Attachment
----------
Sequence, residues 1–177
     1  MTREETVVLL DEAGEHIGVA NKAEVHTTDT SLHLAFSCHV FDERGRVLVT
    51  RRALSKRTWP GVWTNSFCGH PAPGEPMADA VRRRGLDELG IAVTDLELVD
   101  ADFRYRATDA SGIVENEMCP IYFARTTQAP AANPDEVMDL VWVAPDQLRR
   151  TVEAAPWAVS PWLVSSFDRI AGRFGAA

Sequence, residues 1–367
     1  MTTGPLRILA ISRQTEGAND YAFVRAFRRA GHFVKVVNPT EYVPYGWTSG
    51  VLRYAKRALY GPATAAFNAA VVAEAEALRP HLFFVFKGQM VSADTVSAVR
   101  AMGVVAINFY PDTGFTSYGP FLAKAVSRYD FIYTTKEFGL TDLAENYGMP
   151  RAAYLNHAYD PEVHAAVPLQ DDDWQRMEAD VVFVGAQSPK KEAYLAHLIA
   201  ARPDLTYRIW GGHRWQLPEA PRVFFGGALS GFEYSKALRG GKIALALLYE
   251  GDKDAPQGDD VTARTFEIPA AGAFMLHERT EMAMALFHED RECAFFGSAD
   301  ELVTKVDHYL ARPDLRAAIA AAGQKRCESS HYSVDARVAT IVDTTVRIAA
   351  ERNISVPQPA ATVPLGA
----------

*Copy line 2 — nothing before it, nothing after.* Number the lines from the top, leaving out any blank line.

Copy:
     1  MTREETVVLL DEAGEHIGVA NKAEVHTTDT SLHLAFSCHV FDERGRVLVT